WTap over towel.

Direction The play Is based on fact and It was essential that I read and studied the play In tandem with the excellent <:ietall from Andrew Hodges' book. This gave an In­ valuable background to Alan Turing's life and presented me with various clues as to charac­ terisation, motlvatfon and ap­ pearance of the charactcrs In the play. I prepared a detalled sequence of Alan's Itfe for all concerned with the play so that everyone, particularly the cast, was aware of the date and period of each scene, the ages of the character being played and their niche In Alan's life. I found It essential to treat each single scene as a one act play ensuring that pace and climax wcre bal­ anced. Then I had to blend all these Individual scenes into a whole and so placc and climax the whole play. I becamc an orchestrater pitching and moulding the various perfonn­ ances Into a complete picture, Whittling and accentuating the timing and the levcl of perfonn­ ance Into a wcll balanced and well Integrated completeness. Alan's Incredibly long specchcs necded to be paccd and the high mathematics, and computcr discourses made Intcresting' and acceptable to all sections of the audience. With Its promf­ nent theme of Alan's homosexu ­


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throughout this scene, and I had thc lines spoken and taped in the correct acccnt to assist the actor In his portrayal of the character. I arranged twe nty­ four rehcarsals which were sec­ tionalised so that smaller parts wcre not called to every re­ hearsal during the p re liminary plotting and haracterisation sessions. I had to ensurc that the actors we re aware of al l Ii ht­ Ing positions and changcs of lighting at an early stage in the rehcarsal pcriod. I had two full technical rehearsals and two fu ll dress rehearsals to ensurc as smooth and as clTc..'Ctivc an Intcr­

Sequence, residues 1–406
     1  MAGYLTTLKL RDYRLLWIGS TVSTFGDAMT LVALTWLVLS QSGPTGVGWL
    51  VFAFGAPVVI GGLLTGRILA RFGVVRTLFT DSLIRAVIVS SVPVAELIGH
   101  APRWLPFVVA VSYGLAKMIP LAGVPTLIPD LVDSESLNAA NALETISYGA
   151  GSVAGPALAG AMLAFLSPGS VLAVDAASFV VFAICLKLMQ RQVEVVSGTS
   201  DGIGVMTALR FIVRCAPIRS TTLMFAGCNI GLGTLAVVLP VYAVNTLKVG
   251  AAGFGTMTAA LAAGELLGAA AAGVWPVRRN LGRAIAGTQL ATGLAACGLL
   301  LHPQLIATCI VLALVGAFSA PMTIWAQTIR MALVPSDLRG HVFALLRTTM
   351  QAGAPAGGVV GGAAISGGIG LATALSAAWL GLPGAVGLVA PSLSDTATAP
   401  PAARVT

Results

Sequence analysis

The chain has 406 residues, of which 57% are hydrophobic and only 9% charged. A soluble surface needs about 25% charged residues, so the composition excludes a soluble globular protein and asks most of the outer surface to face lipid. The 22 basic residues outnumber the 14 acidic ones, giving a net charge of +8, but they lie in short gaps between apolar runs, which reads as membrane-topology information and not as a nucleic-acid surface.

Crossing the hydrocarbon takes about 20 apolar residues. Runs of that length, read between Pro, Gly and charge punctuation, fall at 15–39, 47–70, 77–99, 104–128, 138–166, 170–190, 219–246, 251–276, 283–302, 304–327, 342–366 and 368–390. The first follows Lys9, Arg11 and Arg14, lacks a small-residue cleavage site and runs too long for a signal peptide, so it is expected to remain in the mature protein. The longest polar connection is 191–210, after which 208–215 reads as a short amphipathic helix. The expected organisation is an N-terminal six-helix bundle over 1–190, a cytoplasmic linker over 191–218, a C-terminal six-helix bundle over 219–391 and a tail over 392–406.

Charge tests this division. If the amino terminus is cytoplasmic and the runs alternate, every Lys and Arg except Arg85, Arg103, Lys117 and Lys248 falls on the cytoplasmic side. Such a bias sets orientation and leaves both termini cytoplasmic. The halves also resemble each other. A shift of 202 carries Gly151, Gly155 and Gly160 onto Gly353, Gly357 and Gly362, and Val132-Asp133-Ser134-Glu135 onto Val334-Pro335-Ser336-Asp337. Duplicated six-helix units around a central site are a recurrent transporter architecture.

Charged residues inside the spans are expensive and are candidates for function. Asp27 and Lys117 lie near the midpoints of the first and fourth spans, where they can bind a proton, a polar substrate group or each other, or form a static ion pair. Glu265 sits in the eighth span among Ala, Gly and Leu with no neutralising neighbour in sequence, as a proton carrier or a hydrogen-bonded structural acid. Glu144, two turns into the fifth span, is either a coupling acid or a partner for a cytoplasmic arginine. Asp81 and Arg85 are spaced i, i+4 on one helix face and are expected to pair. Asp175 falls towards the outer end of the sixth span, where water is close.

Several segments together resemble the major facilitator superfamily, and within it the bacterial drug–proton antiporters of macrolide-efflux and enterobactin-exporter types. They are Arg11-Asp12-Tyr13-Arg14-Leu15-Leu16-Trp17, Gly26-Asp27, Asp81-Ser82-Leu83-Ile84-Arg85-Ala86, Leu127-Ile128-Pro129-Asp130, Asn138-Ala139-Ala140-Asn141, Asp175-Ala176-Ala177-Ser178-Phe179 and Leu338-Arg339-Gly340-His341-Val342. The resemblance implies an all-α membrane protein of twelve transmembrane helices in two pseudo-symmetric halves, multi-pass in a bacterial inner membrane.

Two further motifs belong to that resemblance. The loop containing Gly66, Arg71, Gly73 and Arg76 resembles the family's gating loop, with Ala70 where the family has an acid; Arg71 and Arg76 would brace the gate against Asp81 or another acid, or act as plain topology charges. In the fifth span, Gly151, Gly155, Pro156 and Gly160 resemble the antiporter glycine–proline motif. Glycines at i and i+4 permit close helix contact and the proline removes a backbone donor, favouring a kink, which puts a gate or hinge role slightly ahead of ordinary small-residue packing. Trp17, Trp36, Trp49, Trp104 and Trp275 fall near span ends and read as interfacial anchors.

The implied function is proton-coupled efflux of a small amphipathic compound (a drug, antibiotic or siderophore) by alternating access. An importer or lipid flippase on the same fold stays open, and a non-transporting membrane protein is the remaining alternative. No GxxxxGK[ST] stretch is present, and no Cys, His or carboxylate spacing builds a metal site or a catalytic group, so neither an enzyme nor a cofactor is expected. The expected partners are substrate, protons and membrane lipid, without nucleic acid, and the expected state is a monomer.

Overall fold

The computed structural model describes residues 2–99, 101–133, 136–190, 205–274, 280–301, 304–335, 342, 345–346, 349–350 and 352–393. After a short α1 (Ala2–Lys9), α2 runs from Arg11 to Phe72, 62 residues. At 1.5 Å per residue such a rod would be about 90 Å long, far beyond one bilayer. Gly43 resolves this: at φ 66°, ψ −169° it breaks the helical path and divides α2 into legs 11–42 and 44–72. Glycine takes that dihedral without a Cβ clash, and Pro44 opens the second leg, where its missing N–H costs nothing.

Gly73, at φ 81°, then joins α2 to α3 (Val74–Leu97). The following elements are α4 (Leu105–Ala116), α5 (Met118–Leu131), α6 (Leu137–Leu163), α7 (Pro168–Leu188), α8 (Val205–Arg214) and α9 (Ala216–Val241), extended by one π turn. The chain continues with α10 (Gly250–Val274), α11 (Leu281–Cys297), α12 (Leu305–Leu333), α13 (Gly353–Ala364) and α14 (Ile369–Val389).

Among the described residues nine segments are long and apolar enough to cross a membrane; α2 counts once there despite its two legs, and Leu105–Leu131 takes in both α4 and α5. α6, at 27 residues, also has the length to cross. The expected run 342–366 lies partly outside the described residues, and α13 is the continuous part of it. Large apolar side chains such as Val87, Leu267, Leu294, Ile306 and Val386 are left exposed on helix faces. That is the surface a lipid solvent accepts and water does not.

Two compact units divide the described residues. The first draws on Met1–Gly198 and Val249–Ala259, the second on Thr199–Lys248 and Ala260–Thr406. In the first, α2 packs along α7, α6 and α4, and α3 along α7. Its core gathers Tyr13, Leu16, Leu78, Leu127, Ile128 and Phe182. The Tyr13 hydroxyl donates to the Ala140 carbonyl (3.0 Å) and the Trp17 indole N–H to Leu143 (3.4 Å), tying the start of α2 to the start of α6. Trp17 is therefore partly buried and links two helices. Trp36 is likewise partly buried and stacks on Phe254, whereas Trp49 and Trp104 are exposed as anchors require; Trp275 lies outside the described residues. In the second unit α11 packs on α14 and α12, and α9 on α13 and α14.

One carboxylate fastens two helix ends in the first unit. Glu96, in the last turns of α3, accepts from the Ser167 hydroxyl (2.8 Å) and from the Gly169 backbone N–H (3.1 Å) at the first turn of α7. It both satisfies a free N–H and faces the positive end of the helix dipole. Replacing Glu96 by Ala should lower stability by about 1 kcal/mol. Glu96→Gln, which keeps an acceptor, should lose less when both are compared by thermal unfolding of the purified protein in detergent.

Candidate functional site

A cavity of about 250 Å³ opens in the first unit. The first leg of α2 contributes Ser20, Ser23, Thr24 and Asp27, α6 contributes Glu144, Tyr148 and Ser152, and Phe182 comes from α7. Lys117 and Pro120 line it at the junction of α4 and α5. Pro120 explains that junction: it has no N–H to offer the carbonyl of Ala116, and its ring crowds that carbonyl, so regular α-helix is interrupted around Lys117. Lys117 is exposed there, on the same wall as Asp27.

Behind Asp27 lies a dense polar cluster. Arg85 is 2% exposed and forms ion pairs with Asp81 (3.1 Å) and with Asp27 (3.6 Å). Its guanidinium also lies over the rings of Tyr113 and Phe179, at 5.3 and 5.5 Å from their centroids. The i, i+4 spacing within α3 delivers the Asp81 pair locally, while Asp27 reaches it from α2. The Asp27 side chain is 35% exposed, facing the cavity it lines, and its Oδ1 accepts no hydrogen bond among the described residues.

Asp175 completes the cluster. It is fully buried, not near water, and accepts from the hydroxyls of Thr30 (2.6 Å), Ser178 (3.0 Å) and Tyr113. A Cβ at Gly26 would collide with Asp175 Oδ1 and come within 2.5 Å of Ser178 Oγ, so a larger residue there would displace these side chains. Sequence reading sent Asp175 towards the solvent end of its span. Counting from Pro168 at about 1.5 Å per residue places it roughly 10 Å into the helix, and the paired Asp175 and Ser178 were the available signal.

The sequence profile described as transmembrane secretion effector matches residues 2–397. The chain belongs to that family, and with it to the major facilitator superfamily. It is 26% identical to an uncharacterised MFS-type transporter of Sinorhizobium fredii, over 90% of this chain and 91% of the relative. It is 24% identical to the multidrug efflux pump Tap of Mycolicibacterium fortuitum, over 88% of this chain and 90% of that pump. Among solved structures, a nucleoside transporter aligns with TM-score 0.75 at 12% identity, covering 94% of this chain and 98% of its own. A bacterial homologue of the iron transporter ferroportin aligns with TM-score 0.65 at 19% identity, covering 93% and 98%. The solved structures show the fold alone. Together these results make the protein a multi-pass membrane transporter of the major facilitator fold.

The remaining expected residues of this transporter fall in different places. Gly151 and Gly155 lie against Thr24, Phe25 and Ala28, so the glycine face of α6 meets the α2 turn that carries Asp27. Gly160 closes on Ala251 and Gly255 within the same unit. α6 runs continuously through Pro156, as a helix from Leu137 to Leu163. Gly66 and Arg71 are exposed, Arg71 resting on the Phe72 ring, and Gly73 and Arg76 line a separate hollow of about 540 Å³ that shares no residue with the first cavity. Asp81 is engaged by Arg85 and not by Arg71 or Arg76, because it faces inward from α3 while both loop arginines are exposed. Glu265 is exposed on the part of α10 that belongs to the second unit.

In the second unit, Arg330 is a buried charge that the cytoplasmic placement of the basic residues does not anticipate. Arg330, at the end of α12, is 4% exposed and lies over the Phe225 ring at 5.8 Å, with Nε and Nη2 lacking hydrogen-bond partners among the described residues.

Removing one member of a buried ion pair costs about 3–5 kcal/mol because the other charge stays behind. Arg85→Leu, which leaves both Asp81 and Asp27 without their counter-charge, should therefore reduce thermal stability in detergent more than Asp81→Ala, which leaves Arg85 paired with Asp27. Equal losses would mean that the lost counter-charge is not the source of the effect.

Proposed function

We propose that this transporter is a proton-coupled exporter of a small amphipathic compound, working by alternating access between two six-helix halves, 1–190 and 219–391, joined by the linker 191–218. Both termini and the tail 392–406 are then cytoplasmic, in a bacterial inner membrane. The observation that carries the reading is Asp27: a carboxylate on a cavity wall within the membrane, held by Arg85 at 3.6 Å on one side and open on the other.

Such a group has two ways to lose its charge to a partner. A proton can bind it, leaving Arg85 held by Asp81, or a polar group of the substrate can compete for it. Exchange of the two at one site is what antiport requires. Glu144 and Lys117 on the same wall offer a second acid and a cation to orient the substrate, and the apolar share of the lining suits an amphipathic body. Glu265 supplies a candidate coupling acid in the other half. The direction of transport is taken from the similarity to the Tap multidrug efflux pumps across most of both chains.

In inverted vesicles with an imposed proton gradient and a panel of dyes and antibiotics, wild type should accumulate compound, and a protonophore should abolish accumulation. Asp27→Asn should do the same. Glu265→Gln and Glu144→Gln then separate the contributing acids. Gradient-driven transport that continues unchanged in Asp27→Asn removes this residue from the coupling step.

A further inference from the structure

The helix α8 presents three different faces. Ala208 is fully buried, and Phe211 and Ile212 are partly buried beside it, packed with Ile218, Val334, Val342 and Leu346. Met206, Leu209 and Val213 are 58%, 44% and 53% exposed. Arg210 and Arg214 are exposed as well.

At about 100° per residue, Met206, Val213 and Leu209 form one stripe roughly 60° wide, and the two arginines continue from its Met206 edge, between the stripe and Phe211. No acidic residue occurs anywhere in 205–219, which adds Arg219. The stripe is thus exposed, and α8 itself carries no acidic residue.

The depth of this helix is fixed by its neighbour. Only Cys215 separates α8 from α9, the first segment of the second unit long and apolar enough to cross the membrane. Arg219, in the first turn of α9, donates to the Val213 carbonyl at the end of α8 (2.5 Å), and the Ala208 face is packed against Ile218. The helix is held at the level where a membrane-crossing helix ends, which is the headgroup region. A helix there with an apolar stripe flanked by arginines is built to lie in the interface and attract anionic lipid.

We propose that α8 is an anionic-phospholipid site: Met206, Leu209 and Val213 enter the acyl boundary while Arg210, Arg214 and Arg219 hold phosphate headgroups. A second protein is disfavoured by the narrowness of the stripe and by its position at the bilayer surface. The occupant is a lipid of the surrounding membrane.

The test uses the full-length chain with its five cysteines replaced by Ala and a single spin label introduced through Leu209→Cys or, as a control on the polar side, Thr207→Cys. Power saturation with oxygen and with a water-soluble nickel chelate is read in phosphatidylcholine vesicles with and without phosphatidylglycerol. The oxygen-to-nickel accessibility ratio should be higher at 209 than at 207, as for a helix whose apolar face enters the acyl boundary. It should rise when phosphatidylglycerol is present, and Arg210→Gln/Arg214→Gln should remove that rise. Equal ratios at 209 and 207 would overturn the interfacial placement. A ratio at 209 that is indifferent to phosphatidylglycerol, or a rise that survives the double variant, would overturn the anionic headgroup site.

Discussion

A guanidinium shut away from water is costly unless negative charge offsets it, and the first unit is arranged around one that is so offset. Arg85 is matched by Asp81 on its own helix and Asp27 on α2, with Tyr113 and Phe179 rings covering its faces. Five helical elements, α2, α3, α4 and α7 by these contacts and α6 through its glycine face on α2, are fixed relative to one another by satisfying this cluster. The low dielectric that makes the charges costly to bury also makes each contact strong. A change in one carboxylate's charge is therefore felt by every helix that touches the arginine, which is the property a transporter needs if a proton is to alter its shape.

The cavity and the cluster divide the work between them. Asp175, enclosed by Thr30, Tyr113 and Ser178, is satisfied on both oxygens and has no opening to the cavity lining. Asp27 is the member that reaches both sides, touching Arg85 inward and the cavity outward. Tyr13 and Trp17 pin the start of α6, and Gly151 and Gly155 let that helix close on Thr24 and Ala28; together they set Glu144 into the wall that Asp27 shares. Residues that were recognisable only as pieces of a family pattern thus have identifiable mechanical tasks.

pretation as possible. Thc initial sei<.''C tion of the play gave rise to some doubts as to aud ie nce a tte n d a nce bccause of t he h o mosex ual th e me runnin g parallel with the tabling of Alan's chleve mcnts in the mathemati­ cal world, but how wrong we were, We were almost to ca pac­ ity for the run of sevcn nights with all sections of the a udience bcing gripped and intrigued by this brilliant play. As direc tor it gave me great pleasurc to assist in thc presc n tation of such a re­ warding play, it was a fulfilling experiencc for us al l a nd one to be remembered. 0

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Wardrobe, Alan should remain throughout the play In the same c~stume (Worn out shabby sports coat, shirt, tie, pullover and baggy trousers) except when he ap­ pears 111 singlet and shorts at the end of Act one. Other costumes should be In the period of the scene.... Sara, the twenties, for­ ties and fifties; Pat Green, forties and fifties. SUits for the men should be .In period and Nikos, :he Greek boy. m Act two wore a , mateur Stage May 1990

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allty this side of the play needs handling with a certain amount of delicacy and the Ron Miller scenes and the Corfu scenes need particular attention. I IIgh tened the mood of the scencs and their content by under­ stressing certain values and mtroduced some humour Into these, particularly In thc scene with Nlkos the Greek boy, be­ cause It Is at this point In the play that Alan Is at his happiest. Nlkos speaks In modern Greek

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Breaking The Code - May 1990  

Jack Marples discusses his production of Breaking The Code by Hugh Whitemore for the Stockport Garrick Theatre. Breaking The Code is based o...